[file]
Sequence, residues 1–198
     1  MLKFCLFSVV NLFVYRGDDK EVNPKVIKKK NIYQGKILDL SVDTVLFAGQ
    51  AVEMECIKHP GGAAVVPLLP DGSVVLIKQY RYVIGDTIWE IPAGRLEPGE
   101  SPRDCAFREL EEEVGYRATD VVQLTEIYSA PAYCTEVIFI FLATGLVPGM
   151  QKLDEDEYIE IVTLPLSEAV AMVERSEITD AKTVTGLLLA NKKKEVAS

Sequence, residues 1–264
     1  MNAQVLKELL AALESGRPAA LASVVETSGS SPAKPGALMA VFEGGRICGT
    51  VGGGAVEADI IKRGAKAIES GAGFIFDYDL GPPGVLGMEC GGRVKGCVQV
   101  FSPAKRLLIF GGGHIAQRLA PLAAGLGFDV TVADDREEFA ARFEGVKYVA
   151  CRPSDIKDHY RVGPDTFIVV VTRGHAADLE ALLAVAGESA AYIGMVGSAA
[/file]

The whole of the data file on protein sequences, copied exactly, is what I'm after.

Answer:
Sequence, residues 1–198
     1  MLKFCLFSVV NLFVYRGDDK EVNPKVIKKK NIYQGKILDL SVDTVLFAGQ
    51  AVEMECIKHP GGAAVVPLLP DGSVVLIKQY RYVIGDTIWE IPAGRLEPGE
   101  SPRDCAFREL EEEVGYRATD VVQLTEIYSA PAYCTEVIFI FLATGLVPGM
   151  QKLDEDEYIE IVTLPLSEAV AMVERSEITD AKTVTGLLLA NKKKEVAS

Sequence, residues 1–264
     1  MNAQVLKELL AALESGRPAA LASVVETSGS SPAKPGALMA VFEGGRICGT
    51  VGGGAVEADI IKRGAKAIES GAGFIFDYDL GPPGVLGMEC GGRVKGCVQV
   101  FSPAKRLLIF GGGHIAQRLA PLAAGLGFDV TVADDREEFA ARFEGVKYVA
   151  CRPSDIKDHY RVGPDTFIVV VTRGHAADLE ALLAVAGESA AYIGMVGSAA